Although intimate partner violence is a significant global health problem, few tested interventions have been designed to improve women's health and quality of life, particularly beyond the crisis of leaving. The Intervention for Health Enhancement After Leaving is a comprehensive, trauma informed, primary health care intervention, which builds on the grounded theory Strengthening Capacity to Limit Intrusion and other research findings. Delivered by a nurse and a domestic violence advocate working collaboratively with women through 6 components (safeguarding, managing basics, managing symptoms, cautious connecting, renewing self, and regenerating family), this promising intervention is in the early phases of testing.
Arthur Labatt Family School of Nursing, The University of Western Ontario, London, Ontario, Canada (Dr Ford-Gilboe); Faculty of Nursing, University of New Brunswick, Fredericton, New Brunswick, Canada (Ms Merritt-Gray and Dr Wuest); and School of Nursing, University of British Columbia, Vancouver, British Columbia, Canada (Dr Varcoe).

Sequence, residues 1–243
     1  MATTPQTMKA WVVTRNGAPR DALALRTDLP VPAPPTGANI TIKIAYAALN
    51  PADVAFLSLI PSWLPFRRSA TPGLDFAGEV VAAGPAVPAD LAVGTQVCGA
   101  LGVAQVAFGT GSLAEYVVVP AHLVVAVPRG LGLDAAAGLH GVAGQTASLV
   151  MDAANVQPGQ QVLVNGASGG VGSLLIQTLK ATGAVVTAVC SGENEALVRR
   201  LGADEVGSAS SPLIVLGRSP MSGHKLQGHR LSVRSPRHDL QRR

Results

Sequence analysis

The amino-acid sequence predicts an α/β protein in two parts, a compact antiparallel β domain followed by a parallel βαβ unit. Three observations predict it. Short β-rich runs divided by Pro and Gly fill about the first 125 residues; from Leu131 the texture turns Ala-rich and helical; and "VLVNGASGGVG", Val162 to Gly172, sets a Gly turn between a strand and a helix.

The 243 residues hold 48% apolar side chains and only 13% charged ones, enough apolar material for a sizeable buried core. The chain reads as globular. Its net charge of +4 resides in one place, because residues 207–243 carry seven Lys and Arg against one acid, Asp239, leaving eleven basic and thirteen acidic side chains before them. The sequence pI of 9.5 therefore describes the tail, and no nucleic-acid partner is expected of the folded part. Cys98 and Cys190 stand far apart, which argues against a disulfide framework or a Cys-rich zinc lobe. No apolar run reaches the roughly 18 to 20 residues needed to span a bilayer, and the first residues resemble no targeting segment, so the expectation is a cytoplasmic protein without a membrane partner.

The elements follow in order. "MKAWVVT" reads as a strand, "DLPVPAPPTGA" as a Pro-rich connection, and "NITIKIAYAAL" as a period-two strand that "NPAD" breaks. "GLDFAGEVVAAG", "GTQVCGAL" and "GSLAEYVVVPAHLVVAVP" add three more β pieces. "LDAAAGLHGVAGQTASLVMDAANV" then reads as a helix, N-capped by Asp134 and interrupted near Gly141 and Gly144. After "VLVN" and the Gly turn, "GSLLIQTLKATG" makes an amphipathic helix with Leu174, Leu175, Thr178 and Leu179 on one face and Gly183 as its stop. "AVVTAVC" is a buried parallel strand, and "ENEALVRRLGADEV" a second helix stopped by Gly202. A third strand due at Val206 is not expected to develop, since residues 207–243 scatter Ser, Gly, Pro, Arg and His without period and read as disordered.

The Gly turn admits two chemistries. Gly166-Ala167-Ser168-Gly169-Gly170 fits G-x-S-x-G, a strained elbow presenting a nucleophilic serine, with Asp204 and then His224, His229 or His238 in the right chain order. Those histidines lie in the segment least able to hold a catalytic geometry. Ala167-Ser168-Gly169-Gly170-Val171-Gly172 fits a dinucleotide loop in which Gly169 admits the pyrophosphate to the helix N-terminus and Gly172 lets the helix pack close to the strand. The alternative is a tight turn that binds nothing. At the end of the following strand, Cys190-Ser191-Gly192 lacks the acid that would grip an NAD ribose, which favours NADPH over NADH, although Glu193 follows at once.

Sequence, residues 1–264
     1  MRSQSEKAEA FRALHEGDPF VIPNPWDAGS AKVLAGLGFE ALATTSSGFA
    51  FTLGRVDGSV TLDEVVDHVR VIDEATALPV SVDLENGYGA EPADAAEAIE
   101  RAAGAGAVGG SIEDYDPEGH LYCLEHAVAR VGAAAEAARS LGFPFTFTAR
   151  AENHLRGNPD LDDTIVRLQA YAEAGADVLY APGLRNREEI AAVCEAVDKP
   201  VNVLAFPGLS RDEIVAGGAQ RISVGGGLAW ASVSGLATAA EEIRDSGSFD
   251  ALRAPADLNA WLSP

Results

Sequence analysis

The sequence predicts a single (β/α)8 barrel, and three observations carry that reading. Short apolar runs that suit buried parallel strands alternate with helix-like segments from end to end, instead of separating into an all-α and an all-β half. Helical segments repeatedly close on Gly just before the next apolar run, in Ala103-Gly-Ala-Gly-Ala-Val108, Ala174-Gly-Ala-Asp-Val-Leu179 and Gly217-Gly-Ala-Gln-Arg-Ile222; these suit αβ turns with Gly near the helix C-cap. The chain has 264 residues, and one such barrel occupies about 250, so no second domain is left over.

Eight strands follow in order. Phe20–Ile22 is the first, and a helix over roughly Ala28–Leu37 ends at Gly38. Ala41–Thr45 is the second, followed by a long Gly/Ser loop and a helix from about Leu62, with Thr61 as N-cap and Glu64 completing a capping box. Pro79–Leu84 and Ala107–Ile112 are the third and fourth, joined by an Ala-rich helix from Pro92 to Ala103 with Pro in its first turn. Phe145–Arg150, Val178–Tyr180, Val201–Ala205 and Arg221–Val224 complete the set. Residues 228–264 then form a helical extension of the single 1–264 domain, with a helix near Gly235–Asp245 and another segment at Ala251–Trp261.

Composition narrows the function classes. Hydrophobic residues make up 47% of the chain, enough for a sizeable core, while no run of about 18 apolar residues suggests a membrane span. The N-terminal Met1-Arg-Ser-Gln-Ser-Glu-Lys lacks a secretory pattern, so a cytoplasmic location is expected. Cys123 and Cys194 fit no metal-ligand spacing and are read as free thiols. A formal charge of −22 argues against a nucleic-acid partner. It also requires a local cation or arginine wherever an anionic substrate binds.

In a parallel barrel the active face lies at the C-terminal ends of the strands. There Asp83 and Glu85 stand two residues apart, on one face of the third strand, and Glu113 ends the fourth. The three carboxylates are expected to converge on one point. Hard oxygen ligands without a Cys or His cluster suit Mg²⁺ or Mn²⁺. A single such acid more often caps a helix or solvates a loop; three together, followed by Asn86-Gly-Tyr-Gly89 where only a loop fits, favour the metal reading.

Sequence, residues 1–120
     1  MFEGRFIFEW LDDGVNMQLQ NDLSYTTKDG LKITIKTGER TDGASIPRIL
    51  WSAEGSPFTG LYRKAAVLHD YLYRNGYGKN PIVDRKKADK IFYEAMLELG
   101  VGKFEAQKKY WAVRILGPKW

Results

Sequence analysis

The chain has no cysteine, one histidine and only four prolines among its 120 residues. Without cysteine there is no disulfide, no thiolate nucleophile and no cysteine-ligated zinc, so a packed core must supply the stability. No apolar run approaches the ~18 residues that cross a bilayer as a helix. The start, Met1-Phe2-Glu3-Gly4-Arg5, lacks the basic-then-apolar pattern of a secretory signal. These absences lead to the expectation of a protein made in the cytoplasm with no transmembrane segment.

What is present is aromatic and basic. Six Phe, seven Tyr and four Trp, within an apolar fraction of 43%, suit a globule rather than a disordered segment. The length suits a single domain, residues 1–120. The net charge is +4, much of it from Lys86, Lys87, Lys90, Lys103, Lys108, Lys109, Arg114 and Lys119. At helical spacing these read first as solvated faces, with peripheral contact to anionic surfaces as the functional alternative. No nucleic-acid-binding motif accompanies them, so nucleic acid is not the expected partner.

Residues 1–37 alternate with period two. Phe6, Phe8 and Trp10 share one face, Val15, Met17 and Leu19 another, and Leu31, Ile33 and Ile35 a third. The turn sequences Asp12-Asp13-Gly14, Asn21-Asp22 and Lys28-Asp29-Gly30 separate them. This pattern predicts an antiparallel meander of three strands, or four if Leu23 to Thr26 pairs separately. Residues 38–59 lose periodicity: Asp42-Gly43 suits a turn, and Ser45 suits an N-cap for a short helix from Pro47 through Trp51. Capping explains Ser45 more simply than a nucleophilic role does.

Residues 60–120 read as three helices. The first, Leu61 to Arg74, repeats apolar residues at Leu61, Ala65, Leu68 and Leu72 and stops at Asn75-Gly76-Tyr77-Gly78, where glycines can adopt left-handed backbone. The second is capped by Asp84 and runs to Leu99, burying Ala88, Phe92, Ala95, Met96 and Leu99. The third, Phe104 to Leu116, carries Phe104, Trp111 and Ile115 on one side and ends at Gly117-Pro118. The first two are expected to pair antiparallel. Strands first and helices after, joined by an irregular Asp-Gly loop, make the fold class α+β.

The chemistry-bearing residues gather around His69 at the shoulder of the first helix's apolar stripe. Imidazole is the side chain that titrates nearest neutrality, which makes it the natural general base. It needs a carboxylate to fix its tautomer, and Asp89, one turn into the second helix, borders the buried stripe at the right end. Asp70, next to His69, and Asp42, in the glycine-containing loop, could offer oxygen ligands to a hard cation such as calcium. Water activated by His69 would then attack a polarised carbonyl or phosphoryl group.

Correspondence: Marilyn Ford-Gilboe, PhD, RN, H37 HSA, Arthur Labatt Family School of Nursing, The University of Western Ontario, London, ON N6A 3C1, Canada (firstname.lastname@example.org).
This research was funded by the Canadian Institutes of Health Research (CIHR) New Emerging Team grant 106054 (PI: M. Ford-Gilboe) and Partnership for Health System Improvement Grant # 101529, cofunded by the New Brunswick Health Research Foundation (PI: J. Wuest). We thank Jacquelyn Campbell, PhD, RN, and Pam Dietrich, MScN, RN, for their thoughtful feedback and support in the development and testing of the iHEAL.
The authors have disclosed that they have no significant relationships with, or financial interest in, any commercial companies pertaining to this article.